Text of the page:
Peregrine falcon
The peregrine falcon is one of the species that migrates south via the Florida Keys in the fall. In fact, the Keys see more peregrine falcons than anywhere else in the continent, according to Florida Keys Hawkwatch.

Every fall, the skies over the Florida Keys fill with thousands of birds from hundreds of species heading south for the winter.

For 15 years, folks who love birds and the outdoors have gathered to see, identify and admire them through the Florida Keys Birding and Wildlife Festival, which is held near the end of September.

This year’s event has been scaled back considerably, but the birds are still coming.

Birders at Florida Keys Birding and Wildlife Festival
Birders at Florida Keys Birding and Wildlife Festival

“We are witness to this spectacular migration,” says Kristie Killam, a ranger at the National Key Deer Refuge. “We’ll see birds you don’t normally see – hawks, peregrine falcons, all different species.”

The migrating birds follow the land as far as it goes, and that includes the narrow strip that is the Florida Keys, often stopping to chow down before heading over water to the Caribbean or Central or South America.

Few events have been scheduled in 2015.

Friday, Sept. 25, 6 a.m. to 9 a.m. — Birding Tour of the National Key Deer Refuge, Long Beach and Ohio Key sites. Register by phone or in person at the Visitors Center in the Big Pine Shopping Center, 179 Key Deer Boulevard, Big Pine Key. (305) 304-9625. Participation is limited.

Saturday, Sept. 26th — A variety of birding and butterfly walks at the Key West Tropical Forest and Botanical Garden. Evening presentation by Dr. Kenneth Meyer of Avian Research and Conservation Institute:  “Keep on Trackin’,” using satellites to track local and migratory movements of our Keys birds, including white-crowned pigeons, great white herons, magnificent frigate birds, reddish egrets and others. Contact Key West Tropical Forest and Botanical Garden to register. 5210 College Road, Key West, FL. (305) 296-1504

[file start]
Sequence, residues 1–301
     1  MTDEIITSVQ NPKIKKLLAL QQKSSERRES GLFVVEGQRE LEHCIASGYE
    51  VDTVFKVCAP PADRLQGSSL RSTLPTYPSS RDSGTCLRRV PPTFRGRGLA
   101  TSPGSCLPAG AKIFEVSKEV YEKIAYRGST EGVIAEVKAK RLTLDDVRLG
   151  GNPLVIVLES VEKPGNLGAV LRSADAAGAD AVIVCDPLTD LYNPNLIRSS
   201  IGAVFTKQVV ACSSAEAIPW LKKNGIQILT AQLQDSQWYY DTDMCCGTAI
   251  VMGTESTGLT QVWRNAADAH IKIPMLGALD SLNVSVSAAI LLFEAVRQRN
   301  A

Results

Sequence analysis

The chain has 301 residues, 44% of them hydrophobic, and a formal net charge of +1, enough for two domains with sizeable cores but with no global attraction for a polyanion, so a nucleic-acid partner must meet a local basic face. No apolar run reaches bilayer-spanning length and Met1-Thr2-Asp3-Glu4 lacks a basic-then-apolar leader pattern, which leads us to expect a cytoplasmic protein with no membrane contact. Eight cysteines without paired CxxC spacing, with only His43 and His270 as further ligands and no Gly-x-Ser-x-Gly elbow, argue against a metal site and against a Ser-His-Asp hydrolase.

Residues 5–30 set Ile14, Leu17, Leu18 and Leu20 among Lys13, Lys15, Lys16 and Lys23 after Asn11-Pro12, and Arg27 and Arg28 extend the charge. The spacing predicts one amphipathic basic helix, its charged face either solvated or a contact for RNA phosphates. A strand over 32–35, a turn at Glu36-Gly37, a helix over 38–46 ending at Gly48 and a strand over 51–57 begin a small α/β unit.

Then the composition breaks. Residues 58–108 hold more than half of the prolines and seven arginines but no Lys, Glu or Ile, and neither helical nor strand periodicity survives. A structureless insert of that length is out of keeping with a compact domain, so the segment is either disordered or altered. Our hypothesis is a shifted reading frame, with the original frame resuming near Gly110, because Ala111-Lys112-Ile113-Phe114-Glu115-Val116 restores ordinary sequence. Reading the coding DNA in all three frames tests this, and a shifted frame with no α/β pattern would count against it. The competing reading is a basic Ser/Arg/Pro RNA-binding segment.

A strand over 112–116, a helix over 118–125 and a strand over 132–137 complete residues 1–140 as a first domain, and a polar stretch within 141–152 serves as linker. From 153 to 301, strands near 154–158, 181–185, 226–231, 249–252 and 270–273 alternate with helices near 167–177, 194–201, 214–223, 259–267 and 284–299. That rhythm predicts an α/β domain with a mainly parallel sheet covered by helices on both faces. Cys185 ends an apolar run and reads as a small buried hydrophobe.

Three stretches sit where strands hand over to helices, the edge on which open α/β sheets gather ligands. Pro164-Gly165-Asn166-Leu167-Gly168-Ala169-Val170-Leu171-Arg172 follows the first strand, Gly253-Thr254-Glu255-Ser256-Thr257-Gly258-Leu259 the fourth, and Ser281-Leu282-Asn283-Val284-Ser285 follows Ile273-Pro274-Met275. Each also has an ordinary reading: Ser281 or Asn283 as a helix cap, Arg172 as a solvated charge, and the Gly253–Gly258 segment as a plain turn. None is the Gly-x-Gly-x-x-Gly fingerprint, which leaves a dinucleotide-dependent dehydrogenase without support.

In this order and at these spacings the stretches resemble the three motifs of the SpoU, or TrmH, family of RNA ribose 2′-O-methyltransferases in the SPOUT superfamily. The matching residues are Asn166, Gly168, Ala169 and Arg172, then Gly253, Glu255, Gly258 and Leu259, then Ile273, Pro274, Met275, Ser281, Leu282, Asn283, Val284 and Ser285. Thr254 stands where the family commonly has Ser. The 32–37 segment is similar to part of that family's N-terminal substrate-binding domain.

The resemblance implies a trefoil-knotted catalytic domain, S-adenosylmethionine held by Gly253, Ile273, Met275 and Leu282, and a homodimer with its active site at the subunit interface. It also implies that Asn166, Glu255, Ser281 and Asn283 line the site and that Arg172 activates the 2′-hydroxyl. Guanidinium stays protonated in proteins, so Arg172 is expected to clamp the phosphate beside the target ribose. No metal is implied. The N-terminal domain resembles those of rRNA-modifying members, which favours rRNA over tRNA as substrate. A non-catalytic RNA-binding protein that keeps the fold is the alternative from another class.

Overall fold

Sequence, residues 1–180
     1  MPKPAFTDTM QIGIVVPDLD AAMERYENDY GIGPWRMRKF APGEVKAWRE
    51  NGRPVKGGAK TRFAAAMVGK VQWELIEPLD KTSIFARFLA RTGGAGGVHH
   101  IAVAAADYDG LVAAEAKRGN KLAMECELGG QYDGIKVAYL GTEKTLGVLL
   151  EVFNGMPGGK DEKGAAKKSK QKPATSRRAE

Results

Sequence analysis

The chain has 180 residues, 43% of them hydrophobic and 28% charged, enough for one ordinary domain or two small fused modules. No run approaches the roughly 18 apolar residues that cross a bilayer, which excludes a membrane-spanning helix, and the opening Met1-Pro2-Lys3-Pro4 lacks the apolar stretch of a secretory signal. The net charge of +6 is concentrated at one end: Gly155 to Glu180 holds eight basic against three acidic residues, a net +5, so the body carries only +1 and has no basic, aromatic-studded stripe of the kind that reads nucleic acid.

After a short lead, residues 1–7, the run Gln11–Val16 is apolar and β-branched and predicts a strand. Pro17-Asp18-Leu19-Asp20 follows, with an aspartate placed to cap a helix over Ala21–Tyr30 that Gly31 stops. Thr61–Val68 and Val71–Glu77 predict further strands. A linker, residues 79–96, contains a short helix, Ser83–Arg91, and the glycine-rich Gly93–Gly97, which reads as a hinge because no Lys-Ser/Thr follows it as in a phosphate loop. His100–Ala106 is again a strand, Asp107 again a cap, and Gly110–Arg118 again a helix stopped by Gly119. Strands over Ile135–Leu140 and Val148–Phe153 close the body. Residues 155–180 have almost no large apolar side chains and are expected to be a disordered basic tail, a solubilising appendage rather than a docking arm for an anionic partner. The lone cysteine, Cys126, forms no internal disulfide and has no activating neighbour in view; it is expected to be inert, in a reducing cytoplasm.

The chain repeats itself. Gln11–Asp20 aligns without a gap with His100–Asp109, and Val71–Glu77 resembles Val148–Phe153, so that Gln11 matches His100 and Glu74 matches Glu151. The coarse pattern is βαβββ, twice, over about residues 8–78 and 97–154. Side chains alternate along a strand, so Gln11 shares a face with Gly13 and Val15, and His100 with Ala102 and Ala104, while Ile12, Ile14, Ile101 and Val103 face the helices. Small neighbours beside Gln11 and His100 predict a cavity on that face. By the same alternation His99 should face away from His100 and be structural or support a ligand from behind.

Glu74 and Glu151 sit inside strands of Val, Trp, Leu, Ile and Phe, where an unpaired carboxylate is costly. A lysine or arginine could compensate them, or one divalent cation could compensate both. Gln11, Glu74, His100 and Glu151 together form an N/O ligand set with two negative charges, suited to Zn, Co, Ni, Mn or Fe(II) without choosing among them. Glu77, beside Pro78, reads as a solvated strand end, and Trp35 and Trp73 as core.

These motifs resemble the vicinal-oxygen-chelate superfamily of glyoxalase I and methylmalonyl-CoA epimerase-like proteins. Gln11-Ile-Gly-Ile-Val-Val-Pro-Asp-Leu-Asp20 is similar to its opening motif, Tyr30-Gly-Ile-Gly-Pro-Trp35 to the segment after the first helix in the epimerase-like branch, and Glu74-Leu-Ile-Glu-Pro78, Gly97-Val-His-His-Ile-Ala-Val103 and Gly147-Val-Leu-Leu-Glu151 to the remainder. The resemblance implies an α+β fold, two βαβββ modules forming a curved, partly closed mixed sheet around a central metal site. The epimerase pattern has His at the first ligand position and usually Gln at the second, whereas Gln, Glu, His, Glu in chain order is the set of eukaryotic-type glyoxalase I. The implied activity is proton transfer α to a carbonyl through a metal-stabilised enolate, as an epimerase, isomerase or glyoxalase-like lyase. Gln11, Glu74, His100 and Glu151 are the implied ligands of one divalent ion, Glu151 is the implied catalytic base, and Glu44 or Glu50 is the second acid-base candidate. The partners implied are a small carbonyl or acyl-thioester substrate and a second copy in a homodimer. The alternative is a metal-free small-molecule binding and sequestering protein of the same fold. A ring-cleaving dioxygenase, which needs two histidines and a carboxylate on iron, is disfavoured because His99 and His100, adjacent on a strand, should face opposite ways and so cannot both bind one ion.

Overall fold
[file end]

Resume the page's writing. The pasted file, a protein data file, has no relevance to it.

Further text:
Any Day, On Your Own — While no specific programs are on tap, Curry Hammock State Park in Marathon and Bahia Honda State Park in Big Pine offer excellent opportunities to view migrating birds on your own.

Curry Hammock State Park,  56200 Overseas Hwy., Marathon, FL 33050. (305) 289-2690. Park has a campground. Your best bet for bird-watching at this state park is with a kayak that allows you to paddle around the island and into coves where birds roost. Day-use fees: $5 per vehicle. Limit 2-8 people per vehicle; $2, Pedestrians, bicyclists, extra passengers; $4, Single-occupant vehicle or motorcycle.

Click for larger map of Big Pine and No Name Keys.
Click for larger map of Big Pine and No Name Keys.

Bahia Honda State Park,  36850 Overseas Highway, Big Pine Key, FL 33043. (305) 872-2353. Park has a campground and cabins. The park’s three nature trails allow you to hike into the woods, but Sandspur beach should also provide a roost for your birding activities. During the fall hawk migration, from mid-September to mid-November, you will see a variety of hawks soaring overhead. Day-use fees:  $8 per vehicle. Limit 2-8 people per vehicle; $2.00 Pedestrians, bicyclists, extra passengers; $4.00 Single-occupant vehicle or motorcycle.

National Key Deer Refuge. Visitors Center in the Big Pine Shopping Center, 179 Key Deer Boulevard, Big Pine Key. (305) 304-9625. Explore Big Pine Key and No Name Key by bike should produce plenty of wildlife, or your can take a self-guided tour of Ohio Key and Long Beach ares of the refuge to spot migrating hawks. (Note: Visitor Center hours are unpredictable, so your best bet is to call ahead if you need specific information before you go.)

A tip for visitors: Visiting the Keys in September has its advantages – it’s the slowest season of the year with the best hotel rates of the year. Some areas do have mosquito issues, and Killam says you should be prepared with bug spray if you plan to join the Everglades birding outing. Other areas of the Keys generally do not have mosquito issues in the fall, says Killam, who should know: She lives on No Name Key.

More things to do in the Florida Keys